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I had a photograph that I kept as a missionary. It was of my older brother’s missionary homecoming. He was only seconds off the airplane from his mission to Brazil, in a tight embrace with Mom and Dad together. The excitement, joy, and love in their faces is a touching image. That picture meant a lot to me. It reminded me that I must serve my mission honorably, so that when I return, I will have such a moment.
It also reminded me of another homecoming that I would someday experience. The thought of leaving this life and rushing into the arms of my Heavenly Parents sometimes fills me with so much hope, and so much anticipation, that I had to remind myself that I still have much to do before I can qualify for such a reunion.
Perhaps it’s the fear of the unknown that frightens us so much about death. We thrive so much on regularity and tradition that even a minor change from the ordinary can throw us completely off balance. Adventurous as we may occasionally feel, it seems that few of us feel ready to step beyond the comfort-zone of mortality into the surreal and unknown mystery we call death. Even the most courageous people can’t deny that there is a bit of apprehension that accompanies impending death. Perhaps to some, it is like lying down to sleep, knowing that whatever dream first enters their mind will be their new permanent reality.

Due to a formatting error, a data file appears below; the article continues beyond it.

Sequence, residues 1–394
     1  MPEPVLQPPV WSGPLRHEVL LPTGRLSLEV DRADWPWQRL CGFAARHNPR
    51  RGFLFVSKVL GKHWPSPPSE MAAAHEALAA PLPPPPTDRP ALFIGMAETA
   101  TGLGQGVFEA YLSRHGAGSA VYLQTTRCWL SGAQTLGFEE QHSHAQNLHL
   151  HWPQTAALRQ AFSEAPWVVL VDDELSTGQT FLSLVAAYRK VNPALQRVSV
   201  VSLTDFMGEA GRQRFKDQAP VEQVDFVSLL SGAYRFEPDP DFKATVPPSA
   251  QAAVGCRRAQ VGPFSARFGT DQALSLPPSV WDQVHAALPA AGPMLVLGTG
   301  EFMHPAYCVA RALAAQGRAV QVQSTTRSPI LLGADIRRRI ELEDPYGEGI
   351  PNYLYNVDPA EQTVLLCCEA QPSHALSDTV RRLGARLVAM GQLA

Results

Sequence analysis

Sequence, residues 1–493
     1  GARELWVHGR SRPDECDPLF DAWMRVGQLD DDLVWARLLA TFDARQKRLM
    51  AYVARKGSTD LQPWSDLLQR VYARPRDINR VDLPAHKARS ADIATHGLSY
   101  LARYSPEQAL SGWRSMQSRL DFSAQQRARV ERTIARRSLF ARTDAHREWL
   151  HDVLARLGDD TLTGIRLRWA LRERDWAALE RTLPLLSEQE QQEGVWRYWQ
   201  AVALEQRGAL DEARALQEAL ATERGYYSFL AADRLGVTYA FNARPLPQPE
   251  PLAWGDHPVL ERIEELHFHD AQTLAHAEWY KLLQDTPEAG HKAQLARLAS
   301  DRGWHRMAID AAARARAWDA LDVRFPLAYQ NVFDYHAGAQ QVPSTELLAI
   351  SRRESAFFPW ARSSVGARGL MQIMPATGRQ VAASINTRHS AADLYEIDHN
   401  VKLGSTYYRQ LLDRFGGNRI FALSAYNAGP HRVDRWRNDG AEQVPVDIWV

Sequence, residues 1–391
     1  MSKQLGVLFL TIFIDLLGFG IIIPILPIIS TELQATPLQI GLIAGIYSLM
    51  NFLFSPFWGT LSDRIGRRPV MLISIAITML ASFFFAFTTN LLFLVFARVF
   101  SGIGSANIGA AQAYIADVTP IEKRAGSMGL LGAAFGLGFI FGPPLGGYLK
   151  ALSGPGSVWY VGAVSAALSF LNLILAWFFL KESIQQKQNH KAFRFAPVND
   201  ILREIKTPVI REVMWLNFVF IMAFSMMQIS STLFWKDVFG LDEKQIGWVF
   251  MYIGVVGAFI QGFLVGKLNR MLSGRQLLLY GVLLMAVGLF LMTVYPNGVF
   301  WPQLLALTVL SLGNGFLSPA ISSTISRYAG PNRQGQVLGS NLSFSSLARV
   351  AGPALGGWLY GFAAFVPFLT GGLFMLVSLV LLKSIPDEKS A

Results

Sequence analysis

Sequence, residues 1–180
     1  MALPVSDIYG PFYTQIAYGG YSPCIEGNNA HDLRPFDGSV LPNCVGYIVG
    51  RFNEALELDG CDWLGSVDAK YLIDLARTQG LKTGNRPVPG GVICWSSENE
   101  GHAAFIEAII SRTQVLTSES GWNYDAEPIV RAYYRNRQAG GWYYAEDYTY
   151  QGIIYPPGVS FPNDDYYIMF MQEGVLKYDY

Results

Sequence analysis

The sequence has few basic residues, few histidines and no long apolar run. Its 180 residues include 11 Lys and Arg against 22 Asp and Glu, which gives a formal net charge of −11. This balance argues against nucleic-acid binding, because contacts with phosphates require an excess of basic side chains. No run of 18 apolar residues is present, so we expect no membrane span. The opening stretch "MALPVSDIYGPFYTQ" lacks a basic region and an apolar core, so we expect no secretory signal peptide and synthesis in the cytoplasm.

But again, this is where faith plays such an essential role in our lives. Life as we know it has the greatest opportunity for growth, experience, and learning. It also allows us glimpses of the joy that will be available in the eternities. Such glimpses give us hope for the fullness of joy that will be awaiting the righteous in the life to come.
“Nothing is going to startle us more when we pass through the veil to the other side than to realize how well we know our Father and how familiar His face is to us.”
Ezra Taft Benson, Jesus Christ—Gifts and Expectations, Ensign, December 1988